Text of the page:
Raises For Greensboro Police Don’t Maintain Tempo With Different Cities

The Greensboro City Council has been patting itself on the back for giving police officers a 7 percent raise in the 2022-2023 budget.

The Police Department is currently short about 100 officers from its authorized force of 689 sworn officers.  The last several Greensboro Police Academy classes have not graduated enough officers to keep pace with the average attrition rate of about 60 officers a year, which means the number of vacancies will continue increase.

In a static environment, the 7 percent raise for Greensboro police officers would help with the recruitment issues.  However, the environment is far from static.  Cities across the state and nation are experiencing similar problems with police staffing and taking action.

Considering what other cities did in 2022 and in their 2022-2023 budgets, it appears the 7 percent raise for Greensboro police officers is likely to make Greensboro even less attractive as a place to start a law enforcement career.

In its 2022-2023 budget, Winston-Salem gave police officers a 14 percent salary increase.  Raleigh in its 2022-2023 budget raised the starting salaries for police officers by 19 percent.  Charlotte increased the starting pay for police officers by 10.5 percent in its budget.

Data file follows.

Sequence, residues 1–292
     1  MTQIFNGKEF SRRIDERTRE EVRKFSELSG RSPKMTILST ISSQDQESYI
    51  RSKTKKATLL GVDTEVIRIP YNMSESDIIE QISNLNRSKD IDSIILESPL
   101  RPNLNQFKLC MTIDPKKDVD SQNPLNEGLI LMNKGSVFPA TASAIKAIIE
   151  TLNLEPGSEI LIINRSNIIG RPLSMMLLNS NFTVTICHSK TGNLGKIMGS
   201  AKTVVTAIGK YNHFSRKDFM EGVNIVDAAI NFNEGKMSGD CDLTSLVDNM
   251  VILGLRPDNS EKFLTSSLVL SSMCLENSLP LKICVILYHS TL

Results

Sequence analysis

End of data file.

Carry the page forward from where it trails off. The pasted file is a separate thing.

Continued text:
Durham jumped the gun on police raises giving police officers a 15 percent raise in January 2022.  It is worth noting that Durham, the fourth largest city in North Carolina, had a tax increase this year of 0.6 cents compared to the tax increase in Greensboro that is equivalent to 8.69 cents or 8.09 cents higher than Durham’s.

Fayetteville also took action before the budget raising the starting salaries for police officers by 14.5 percent in January.  Fayetteville has a property tax rate of 49.95 cents and didn’t raise property taxes this year.

Greensboro has a property tax rate of 63.25 cents.

Another major recruitment issue for the Greensboro Police Department is that Greensboro does not provide take home cars for patrol officers.  Winston-Salem, Raleigh, Charlotte, Durham and Fayetteville as well as just about every jurisdiction of any size in the state do provide take home cars for their patrol officers.

The Greensboro City Council did launch a five year plan this year to provide take-home police cars, but for police recruits five years is a long time to wait for a benefit that is available immediately in other cities.